There are lots of newsletters around, but they vary drastically in quality. There are some quality free newsletters and there are some highly-priced newsletters which give lots of recommendations of dubious quality. This is a difficult area as there is a proliferation of providers and trying to sort the good from the bad is tricky, a problem exacerbated by the recent trend for analysts to set up newsletter “shops” on their own. I know of several good ones in the US and they usually run at $250 $350 a year for a weekly email. I also highly recommend The Daily Shot, which is great value at $135 a year for a daily email – I am convinced that editor Lev Borodovsky does not sleep.
Somewhat surprisingly, there are few good courses for investors. There are hundreds of courses which purport to teach you how to trade, and the quality inevitably varies dramatically. My courses at Behind the Balance Sheet are widely considered to be the highest quality around but they are not cheap. There are lots of cheaper courses available on Udemy, but again the issue is that it’s impossible to ascertain the quality. In between, there are only a few providers and one I looked at which sounded promising was provided by a former sell-side analyst turned academic, but closer inspection showed that the course was very theoretical.
I think education is a necessary and worthwhile investment for most investors, but the proliferation of offers and the limited experience of many teachers is a difficult barrier to overcome. Experimentation is not only expensive, it’s very time-consuming and, of course, time is a major constraint for most investors.
This encompasses investment clubs, online webinars, in-person shows and chat rooms and communities. In the UK, there are some great investor clubs whose subscriptions are excellent value, but I am less familiar with the US ones.
I tend to be wary of investing chat rooms as there are a lot of scams where investors will puff up a stock to innocent victims who get sucked in, then the promoter sells and the new investors lose out.
In-person shows are coming back – I recently spoke at one in London and have others coming up – there are some terrific events in the US but there is no question that they tend to be high quality and expensive. If I am speaking, I tend to get a complimentary pass but I still spend $1,500 to $2,500 on events and sometimes more. The bills rack up when travel is included but there is real value to be had. Most important, there are usually some interesting panels, some good speakers and the opportunity to meet like-minded investors, which is really valuable. Investing is difficult and can be a lonely endeavour and I find that sharing experiences and discussing stock opportunities is helpful in grading my own conviction.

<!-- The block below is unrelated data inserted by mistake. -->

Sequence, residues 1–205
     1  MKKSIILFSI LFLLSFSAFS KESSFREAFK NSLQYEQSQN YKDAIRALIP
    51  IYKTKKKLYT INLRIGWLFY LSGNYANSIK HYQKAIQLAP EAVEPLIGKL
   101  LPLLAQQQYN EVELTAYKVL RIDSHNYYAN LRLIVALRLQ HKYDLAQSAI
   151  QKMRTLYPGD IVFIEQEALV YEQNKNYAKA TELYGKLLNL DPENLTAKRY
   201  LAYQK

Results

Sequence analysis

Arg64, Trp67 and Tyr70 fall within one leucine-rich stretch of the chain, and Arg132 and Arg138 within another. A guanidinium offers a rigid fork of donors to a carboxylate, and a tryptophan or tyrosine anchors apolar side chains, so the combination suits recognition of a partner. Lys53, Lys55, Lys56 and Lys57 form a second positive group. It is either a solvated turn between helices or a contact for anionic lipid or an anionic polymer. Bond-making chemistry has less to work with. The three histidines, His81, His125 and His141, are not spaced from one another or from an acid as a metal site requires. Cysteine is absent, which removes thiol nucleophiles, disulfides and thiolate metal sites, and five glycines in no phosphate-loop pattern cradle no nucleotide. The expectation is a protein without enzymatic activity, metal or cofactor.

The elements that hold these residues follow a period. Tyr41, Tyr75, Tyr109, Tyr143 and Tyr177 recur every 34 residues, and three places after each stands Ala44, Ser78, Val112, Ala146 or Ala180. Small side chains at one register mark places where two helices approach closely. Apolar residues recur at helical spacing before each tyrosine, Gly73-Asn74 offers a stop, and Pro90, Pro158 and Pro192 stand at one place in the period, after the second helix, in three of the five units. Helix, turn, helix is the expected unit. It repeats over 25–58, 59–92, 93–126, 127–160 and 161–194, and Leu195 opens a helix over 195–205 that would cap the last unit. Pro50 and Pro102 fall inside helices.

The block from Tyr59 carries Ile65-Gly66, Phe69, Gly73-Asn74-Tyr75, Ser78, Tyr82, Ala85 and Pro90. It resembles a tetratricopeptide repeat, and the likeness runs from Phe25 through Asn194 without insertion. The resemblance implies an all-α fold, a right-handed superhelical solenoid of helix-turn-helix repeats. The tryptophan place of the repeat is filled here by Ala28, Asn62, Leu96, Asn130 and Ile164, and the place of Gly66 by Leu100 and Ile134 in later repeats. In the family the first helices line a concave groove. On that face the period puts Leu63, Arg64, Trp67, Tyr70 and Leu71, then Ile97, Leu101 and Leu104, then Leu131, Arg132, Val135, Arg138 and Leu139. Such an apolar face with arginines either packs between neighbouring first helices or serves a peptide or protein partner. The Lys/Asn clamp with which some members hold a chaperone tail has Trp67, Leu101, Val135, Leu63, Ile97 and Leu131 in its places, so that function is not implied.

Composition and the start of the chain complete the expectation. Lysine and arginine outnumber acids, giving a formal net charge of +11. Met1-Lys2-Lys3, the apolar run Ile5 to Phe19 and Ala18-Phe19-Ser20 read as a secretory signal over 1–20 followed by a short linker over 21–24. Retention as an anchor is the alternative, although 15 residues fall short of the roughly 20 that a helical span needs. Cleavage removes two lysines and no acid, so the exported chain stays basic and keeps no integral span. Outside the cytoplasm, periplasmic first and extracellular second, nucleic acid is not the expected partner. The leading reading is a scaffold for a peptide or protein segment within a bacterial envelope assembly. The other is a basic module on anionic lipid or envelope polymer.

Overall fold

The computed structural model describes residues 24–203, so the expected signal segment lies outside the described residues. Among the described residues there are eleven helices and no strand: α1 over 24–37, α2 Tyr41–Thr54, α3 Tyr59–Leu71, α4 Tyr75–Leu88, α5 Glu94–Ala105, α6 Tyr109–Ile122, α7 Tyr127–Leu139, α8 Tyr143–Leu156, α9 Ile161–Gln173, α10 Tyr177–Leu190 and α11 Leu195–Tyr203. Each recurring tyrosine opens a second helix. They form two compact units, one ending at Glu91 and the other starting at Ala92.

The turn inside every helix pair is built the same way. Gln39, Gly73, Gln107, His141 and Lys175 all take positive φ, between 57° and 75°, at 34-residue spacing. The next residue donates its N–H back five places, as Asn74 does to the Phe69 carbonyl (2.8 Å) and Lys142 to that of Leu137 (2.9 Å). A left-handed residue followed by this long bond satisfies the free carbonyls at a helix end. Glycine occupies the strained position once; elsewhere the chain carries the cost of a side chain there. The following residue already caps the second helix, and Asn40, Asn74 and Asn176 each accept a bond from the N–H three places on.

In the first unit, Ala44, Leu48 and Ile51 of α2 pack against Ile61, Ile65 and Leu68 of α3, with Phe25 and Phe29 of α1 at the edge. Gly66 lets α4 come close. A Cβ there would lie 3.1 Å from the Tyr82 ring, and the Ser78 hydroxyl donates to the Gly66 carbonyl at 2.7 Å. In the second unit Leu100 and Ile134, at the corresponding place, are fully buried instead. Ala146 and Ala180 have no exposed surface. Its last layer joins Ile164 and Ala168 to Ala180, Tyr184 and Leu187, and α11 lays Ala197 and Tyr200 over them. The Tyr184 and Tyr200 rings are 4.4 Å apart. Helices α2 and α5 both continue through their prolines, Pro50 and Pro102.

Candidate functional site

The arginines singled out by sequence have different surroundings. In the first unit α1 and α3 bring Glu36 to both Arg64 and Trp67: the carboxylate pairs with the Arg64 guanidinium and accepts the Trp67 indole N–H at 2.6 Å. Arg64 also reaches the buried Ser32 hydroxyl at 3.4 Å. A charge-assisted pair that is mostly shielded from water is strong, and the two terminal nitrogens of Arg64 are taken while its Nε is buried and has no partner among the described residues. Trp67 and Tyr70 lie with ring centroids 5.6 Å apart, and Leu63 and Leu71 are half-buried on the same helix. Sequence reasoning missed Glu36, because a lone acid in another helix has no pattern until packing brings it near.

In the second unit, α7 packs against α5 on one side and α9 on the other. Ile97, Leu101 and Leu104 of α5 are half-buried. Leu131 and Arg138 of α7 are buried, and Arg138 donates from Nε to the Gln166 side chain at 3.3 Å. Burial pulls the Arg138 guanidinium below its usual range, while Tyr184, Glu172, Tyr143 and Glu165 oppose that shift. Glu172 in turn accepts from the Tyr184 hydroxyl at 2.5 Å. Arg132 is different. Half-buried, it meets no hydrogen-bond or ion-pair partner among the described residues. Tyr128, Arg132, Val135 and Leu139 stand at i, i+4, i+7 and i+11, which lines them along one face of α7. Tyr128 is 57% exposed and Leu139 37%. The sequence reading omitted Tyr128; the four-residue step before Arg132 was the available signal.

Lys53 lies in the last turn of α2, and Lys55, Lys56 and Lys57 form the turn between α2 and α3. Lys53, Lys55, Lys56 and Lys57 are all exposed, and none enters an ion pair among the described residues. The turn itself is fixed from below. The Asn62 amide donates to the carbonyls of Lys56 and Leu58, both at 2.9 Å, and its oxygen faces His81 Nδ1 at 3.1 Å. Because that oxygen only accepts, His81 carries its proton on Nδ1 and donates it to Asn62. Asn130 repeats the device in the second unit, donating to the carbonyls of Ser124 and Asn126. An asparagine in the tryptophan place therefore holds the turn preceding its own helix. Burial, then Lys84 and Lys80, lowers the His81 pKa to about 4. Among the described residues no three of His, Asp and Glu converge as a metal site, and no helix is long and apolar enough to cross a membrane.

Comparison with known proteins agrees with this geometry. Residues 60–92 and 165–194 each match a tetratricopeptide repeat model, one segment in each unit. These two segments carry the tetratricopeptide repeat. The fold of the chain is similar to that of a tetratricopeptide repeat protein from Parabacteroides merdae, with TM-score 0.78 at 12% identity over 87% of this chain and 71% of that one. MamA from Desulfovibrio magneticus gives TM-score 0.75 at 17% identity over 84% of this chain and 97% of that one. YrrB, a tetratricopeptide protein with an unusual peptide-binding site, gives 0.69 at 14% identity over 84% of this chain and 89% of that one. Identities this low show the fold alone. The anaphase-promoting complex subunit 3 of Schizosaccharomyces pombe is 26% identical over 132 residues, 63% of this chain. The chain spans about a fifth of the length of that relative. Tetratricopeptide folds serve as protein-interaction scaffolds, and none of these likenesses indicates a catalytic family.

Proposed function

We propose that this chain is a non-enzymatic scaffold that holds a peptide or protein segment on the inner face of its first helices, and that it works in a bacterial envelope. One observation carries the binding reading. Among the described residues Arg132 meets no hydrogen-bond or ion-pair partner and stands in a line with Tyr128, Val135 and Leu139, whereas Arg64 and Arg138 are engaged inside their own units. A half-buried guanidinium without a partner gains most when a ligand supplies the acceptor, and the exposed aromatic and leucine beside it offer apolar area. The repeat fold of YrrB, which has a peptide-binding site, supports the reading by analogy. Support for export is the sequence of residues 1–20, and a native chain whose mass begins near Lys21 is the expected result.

Adding Up the Cost
So what am I left with as a cost to the keen investor? It’s not an insignificant commitment, as you will see, but worthwhile for those with a valuable portfolio.
You can save a lot on the data cost and Sentieo is a professional solution, albeit cheaper than peers. But importantly it gives you access to call transcripts which you may not get in all the cheaper alternative systems. Excluding the data cost, I recommend spending $5,000 to $6,000 a year to keep yourself informed. That’s a large amount to spend, unless you have a significant portfolio of say $1.5m. But it’s a realistic assessment of what it costs to keep on top of your portfolio, to improve your skills and keep learning. It’s of course possible to do this more cheaply and have digital subscriptions, visit the library etc. But if you have a portfolio of, say, $1.5m, and you had 25 positions of $60,000 each, that represents a 10% gain on one stock. That is eminently achievable if you are armed with the right data and inputs.
And if you are a professional, you can and should spend (I prefer invest) more. My services are not cheap but I have multiple clients who pay for coaching. One is a young wealth manager in his 30s who has paid me several thousand pounds for a programme to help him improve his skills and perhaps enable him to get a better job one day. If he is right, this will be an investment with a multiple ROI. Warren Buffett once said the best investment you can make is in yourself.
If that $6,000 a year above (excluding the data) allows you to improve performance by 1% on a $1.5m portfolio, the $9,000 difference will be compounding. At 8% a year, that’s $130,000 after 10 years, or an additional 9% return on the starting portfolio.
Don’t skimp on your tools!